This paper looks at asymmetry in the even and odd multipoles of the CMB. These correspond to the symmetric and antisymmetric part of the temperature anisotropy [tex]T^+(\hat{n})=\frac{1}{2}[ T(\hat{n}) + T(\hat{n}) ][/tex] and [tex]T^(\hat{n})=\frac{1}{2}[ T(\hat{n})  T(\hat{n}) ][/tex], respectively, where [tex]\hat{n}[/tex] is a unit vector.
The authors find that there is more power on odd multipoles than on even multipoles, for the range [tex]2\leq\ell\leq22[/tex]. Comparing the WMAP data with simulations of the [tex]\Lambda[/tex]CDM model, the authors find that the probability of finding as strong asymmetry as present in the data is 0.6% for WMAP3, 0.4% for WMAP5 and 0.3% for WMAP7.
As possible reasons, the authors discuss asymmetric beam shape, known foregrounds, the skycut, and other effects. They conclude that none of these can explain the data. In terms of the primordial power spectrum, the asymmetry would correspond to perturbations where the real part is strongly suppressed compared to the imaginary part (so that the symmetric cosine part is amplified with respect to the asymmetric sine part).
An important issue is the a posteriori choice of the multipole range. The authors address this by doing simulations and retaining only the ones for which the probability is lowest at [tex]\ell_{max}=22[/tex]. They find that still only 2% of the simulations have as much asymmetry as the data. I don't think I understand how this entirely addresses the issue, though.
In a followup paper, 1011.0377, the authors connect the evenodd asymmetry to the difference between predicted and observed angular correlation function. It is well known that the observed correlation function is basically zero for angles [tex]\theta[/tex] between 60 and 150 degrees, and [tex]\theta>150^\circ[/tex], while the [tex]\Lambda[/tex]CDM prediction is negative for [tex]60^\circ<\theta<120^\circ[/tex] and positive for [tex]\theta>120^\circ[/tex]. Asymmetry in the above multipole range happens to map neatly to the behaviour of the correlation function, so they are a mnifestation of the same thing  whether it is a statistical fluke or something else.
[1002.0148] Anomalous parity asymmetry of WMAP power spectrum data at low multpoles: is it cosmological or systematics?
Authors:  Jaiseung Kim, Pavel Naselsky 
Abstract:  We have investigated the oddparity preference of the WMAP 7 year power spectrum. Comparison with simulation shows the oddparity preference of WMAP data (2<= l <=22) is anomalous at 4in1000 level. We have investigated its origins, and ruled out some of noncosmological origins such as asymmetric beams, noise and cutsky effect. We also find primordial origin requires Re[\Phi(\mathbf k)]\llIm[\Phi(\mathbf k)] for k\lesssim 22/\eta_0, where \eta_0 is the present conformal time. Multipoles associated with the oddparity preference happen to coincide with some of other CMB anomalies. Therefore, there may exist a common origin, whether cosmological or not. Besides, we find it likely that low quadrupole power is the part of this oddparity preference anomaly rather than an isolated one. The Planck surveyor, which possesses wide frequency coverage and systematics distinct from the WMAP, may allow us to resolve the mystery of the anomalous oddparity preference.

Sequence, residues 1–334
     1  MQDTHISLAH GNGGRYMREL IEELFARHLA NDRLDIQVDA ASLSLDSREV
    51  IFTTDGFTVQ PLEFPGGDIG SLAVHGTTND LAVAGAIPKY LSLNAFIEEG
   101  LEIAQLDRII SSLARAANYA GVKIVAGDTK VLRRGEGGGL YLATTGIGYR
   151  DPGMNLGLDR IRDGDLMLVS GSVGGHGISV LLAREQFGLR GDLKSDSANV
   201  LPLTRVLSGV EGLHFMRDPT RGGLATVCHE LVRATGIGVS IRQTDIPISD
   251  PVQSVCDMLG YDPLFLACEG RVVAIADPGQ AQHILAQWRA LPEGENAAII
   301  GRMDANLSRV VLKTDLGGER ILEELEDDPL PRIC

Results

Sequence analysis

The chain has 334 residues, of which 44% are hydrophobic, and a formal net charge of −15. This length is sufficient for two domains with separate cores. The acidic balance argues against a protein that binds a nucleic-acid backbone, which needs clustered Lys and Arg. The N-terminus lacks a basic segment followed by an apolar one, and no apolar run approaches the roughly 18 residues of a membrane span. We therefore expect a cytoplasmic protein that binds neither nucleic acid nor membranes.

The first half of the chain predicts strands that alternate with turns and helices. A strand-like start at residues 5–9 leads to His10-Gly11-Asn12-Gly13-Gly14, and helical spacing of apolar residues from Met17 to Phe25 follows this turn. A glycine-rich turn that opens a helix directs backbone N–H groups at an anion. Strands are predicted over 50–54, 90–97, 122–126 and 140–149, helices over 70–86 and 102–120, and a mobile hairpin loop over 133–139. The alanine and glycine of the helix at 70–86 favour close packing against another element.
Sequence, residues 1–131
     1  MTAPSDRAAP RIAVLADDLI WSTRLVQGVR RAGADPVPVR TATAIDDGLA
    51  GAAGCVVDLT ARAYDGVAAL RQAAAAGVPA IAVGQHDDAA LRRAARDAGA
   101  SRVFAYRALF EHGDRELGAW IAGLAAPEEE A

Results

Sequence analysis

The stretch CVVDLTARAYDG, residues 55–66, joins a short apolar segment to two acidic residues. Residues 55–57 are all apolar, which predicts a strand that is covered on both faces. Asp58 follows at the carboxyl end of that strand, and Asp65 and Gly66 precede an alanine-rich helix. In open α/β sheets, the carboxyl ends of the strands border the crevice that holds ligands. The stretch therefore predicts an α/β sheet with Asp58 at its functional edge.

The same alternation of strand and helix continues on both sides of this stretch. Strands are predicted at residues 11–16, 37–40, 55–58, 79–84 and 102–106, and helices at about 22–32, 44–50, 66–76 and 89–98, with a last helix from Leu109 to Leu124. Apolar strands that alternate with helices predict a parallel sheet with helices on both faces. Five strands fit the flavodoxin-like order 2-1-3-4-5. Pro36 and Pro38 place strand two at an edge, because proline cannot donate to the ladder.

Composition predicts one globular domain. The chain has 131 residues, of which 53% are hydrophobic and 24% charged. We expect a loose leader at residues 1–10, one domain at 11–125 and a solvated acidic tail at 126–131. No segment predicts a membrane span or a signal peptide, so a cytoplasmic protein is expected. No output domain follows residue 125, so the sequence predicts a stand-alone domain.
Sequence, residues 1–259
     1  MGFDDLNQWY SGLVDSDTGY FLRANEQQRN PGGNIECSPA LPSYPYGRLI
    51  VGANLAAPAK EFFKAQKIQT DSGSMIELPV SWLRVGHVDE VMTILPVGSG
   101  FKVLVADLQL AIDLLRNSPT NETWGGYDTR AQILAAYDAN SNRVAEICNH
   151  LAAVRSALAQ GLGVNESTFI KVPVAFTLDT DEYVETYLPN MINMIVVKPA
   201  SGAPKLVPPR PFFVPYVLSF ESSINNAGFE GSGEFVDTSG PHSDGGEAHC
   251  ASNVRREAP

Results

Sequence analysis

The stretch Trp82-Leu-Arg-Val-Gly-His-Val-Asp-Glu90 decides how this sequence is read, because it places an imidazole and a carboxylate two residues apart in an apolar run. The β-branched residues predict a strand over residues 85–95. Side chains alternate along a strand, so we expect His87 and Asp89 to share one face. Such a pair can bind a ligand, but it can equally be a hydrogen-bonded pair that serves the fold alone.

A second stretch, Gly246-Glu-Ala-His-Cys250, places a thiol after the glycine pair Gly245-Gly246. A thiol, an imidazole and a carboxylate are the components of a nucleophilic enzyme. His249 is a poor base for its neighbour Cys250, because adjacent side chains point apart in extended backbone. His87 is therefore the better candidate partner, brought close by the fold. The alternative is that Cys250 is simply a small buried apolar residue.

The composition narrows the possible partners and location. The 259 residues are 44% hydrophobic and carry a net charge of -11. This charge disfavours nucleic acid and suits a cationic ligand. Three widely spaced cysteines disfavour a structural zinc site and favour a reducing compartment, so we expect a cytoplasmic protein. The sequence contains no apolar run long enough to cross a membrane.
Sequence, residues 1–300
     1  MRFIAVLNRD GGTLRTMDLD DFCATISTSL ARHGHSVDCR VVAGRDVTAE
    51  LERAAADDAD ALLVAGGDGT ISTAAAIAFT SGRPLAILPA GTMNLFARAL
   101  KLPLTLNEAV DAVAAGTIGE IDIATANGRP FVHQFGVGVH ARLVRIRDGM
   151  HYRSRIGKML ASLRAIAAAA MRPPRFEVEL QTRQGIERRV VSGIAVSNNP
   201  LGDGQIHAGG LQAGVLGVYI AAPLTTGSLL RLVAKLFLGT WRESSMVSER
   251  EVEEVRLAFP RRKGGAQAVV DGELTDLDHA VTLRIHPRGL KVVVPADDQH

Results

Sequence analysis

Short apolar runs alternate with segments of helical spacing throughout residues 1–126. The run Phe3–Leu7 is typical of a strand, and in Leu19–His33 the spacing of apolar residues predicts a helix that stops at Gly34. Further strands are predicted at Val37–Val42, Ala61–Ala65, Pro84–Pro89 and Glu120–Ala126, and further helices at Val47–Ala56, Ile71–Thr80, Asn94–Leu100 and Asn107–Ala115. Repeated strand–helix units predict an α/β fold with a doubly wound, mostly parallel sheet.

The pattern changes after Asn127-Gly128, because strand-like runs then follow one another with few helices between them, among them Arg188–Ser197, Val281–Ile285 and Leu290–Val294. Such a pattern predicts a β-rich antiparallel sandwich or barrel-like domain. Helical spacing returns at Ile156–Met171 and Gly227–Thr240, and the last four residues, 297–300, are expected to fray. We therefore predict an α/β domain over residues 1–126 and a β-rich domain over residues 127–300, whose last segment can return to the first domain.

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[1002.0148] Anomalous parity asymmetry of WMAP power spectr
It is always hard to assess the effect of a posteriori choice (the multipole range l_{max} in our case).
Later, we realized a posteriori choice on l_{max} is rather unimportant, because the asymmetry exists over wide range of l_{max}.
To be specific, according to Fig. 4 in the followup paper (1006.1979) by a different group, the statistical significance is relatively unaffected as far as
l_{max} lies between 15 and 27.
For instance, choosing l_{max}=22 barely enhance the statistical significance, compared to that of l_{max}=20.
Therefore, 98% significance mentioned in the additional analysis of our work (1002.0148), with a posterior choice taken into account, was somewhat underestimated.
Later, we realized a posteriori choice on l_{max} is rather unimportant, because the asymmetry exists over wide range of l_{max}.
To be specific, according to Fig. 4 in the followup paper (1006.1979) by a different group, the statistical significance is relatively unaffected as far as
l_{max} lies between 15 and 27.
For instance, choosing l_{max}=22 barely enhance the statistical significance, compared to that of l_{max}=20.
Therefore, 98% significance mentioned in the additional analysis of our work (1002.0148), with a posterior choice taken into account, was somewhat underestimated.